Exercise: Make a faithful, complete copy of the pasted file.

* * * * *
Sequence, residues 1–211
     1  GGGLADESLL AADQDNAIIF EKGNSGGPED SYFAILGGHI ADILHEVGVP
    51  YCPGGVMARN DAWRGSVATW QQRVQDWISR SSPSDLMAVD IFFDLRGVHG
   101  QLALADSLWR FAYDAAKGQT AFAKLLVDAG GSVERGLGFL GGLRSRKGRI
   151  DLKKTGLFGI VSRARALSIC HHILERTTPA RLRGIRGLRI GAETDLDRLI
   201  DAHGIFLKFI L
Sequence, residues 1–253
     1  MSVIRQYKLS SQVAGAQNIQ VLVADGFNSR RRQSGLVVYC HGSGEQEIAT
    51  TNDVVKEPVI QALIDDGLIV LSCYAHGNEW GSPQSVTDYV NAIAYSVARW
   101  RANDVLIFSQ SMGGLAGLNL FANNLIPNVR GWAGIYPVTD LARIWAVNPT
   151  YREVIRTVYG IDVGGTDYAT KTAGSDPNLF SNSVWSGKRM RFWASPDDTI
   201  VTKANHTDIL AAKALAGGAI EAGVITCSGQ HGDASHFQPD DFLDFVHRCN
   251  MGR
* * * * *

Sequence, residues 1–211
     1  GGGLADESLL AADQDNAIIF EKGNSGGPED SYFAILGGHI ADILHEVGVP
    51  YCPGGVMARN DAWRGSVATW QQRVQDWISR SSPSDLMAVD IFFDLRGVHG
   101  QLALADSLWR FAYDAAKGQT AFAKLLVDAG GSVERGLGFL GGLRSRKGRI
   151  DLKKTGLFGI VSRARALSIC HHILERTTPA RLRGIRGLRI GAETDLDRLI
   201  DAHGIFLKFI L
Sequence, residues 1–253
     1  MSVIRQYKLS SQVAGAQNIQ VLVADGFNSR RRQSGLVVYC HGSGEQEIAT
    51  TNDVVKEPVI QALIDDGLIV LSCYAHGNEW GSPQSVTDYV NAIAYSVARW
   101  RANDVLIFSQ SMGGLAGLNL FANNLIPNVR GWAGIYPVTD LARIWAVNPT
   151  YREVIRTVYG IDVGGTDYAT KTAGSDPNLF SNSVWSGKRM RFWASPDDTI
   201  VTKANHTDIL AAKALAGGAI EAGVITCSGQ HGDASHFQPD DFLDFVHRCN
   251  MGR